The restrictive immigration quota system established in the 1920s came during a period of heightened anxiety about mass migration from eastern and southern Europe. The quotas limited newcomers from those regions while almost entirely shutting out migrants from Asia, Latin America and elsewhere.
But by the 1960s, the United States was locked in a global ideological struggle against communism, and its quota system had become a stain on America's global image, said Daniel Tichenor, author of "Dividing Lines: The Politics of Immigration Control in America."
"You had Truman, Eisenhower and other prominent national security, foreign policy leaders saying this is crazy, we have people escaping from behind the Iron Curtain who want a haven in the United States, and it helps our national security to welcome them here," said Tichenor, a political scientist at the University of Oregon.
"Just like Jim Crow and the suppression of African American voters embarrassed us abroad, our immigration policies were so blatantly racist it really hurt the world's perception of the U.S. as a global leader and democracy to be emulated," he said.
President Lyndon B. Johnson called for an end to the quota system in his first State of the Union speech in 1964. "In establishing preferences, a nation that was built by the immigrants of all lands can ask those who now seek admission: 'What can you do for our country?' " Johnson told Congress, echoing his slain predecessor. "But we should not be asking: 'In what country were you born?' "
Conservatives, especially the Southern Democrats who opposed Johnson's civil rights legislation and Great Society agenda, were set against the immigration overhaul. But Rep. Michael Feighan (D-Ohio), a longtime immigration hard-liner, devised the family unification model as a compromise to preserve America's ethnic status quo.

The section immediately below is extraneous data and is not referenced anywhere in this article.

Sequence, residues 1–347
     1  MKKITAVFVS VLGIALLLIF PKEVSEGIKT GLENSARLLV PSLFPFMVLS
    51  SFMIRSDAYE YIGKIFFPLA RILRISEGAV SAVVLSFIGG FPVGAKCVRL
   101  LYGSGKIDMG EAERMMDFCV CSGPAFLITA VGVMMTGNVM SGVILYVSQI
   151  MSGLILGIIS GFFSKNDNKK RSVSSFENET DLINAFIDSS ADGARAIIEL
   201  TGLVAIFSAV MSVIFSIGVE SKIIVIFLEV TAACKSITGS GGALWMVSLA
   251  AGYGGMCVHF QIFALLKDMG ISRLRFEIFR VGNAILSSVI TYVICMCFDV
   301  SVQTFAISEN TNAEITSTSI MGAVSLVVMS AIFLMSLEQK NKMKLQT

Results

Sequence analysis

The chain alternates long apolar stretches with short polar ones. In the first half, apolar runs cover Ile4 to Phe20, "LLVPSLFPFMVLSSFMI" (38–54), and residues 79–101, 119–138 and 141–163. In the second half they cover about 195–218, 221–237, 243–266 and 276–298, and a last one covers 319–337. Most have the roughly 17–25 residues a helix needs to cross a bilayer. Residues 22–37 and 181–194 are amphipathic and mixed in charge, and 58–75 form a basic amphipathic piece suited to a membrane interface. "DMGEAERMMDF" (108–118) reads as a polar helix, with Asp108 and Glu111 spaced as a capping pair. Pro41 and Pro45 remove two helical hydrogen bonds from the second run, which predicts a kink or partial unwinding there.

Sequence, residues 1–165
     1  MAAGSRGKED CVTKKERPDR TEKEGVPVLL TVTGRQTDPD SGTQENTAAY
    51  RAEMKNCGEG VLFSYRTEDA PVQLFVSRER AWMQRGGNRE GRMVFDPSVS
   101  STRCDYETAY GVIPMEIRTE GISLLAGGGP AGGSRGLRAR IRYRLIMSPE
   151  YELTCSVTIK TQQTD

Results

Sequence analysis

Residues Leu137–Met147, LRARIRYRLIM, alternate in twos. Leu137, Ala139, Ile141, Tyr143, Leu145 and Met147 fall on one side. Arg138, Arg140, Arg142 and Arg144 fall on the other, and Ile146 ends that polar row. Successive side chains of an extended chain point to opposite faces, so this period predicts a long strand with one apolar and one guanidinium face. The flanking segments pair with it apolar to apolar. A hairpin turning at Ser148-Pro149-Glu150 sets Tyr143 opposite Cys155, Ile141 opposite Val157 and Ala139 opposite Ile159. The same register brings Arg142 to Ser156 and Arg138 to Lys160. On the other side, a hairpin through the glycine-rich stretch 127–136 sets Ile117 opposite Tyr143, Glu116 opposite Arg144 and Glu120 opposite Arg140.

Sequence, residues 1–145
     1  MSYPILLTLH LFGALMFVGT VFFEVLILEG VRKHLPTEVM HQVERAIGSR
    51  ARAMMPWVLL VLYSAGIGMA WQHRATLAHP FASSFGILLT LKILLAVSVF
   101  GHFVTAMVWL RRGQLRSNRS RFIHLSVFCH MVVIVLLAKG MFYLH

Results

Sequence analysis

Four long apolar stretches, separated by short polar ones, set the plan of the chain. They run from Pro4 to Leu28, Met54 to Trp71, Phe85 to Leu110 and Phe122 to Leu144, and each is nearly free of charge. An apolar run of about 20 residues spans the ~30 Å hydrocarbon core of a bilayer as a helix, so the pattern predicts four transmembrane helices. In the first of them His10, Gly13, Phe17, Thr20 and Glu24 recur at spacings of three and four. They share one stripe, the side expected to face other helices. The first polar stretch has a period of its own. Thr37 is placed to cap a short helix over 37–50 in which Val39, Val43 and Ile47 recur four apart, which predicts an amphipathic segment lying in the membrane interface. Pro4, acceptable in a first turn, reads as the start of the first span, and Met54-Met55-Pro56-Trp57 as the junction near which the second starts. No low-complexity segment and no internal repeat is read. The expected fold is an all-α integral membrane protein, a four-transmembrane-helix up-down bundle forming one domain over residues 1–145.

"The idea was that you wouldn't get many Asians or Africans coming in because they didn't have relatives here," said Tom Gjelten, an NPR correspondent and author of "A Nation of Nations: A Great American Immigration Story."
At the signing ceremony, Johnson sat at a desk placed in the shadow of the Statue of Liberty.
No other piece of legislation has arguably played a greater role in the demographic transformation of the United States in the decades since.
A backlash against the 1965 act had been building, but Trump's election win supercharged it. The marriage of "chain migration" to Trump's demands for a border wall makes it hard for critics to see the arguments in technical, not racial, terms.
Madeline Hsu, an immigration scholar at the University of Texas, said campaigns to curb legal immigration have been vehicles for what she called "masked racial discourse" and a fear that "the kinds of people coming in or gaining citizenship are racially not the right kinds of people."
Today the United States issues more than 1 million green cards each year, and only about 8 percent go to European nationals. About two-thirds of green cards go to family members of U.S. citizens and legal residents.
"Before, there was a bipartisan view that immigration was good for society and the economy and integral to the history of the United States," said Sarah Pierce, a policy analyst at the Migration Policy Institute, a Washington think tank that is critical of the Trump administration. "But this administration has radically changed the debate."
"While the idea of reducing legal immigration isn't a new one, it was more fringe until now," she said.
Organizations that have long pushed to restrict legal immigration to the United States are enjoying unprecedented influence at the Trump White House, and they push back at charges of ulterior ethnic or racial motives.
A merit-based system probably would bring far more immigrants from China and India, said Matthew O'Brien, director of research at the Federation for American Immigration Reform, a Washington think tank.
"We're cutting out huge numbers of people that have skills and a demonstrated potential," O'Brien said. "And meanwhile we're admitting people simply because they are the extended family of someone who happened to have immigrated previously."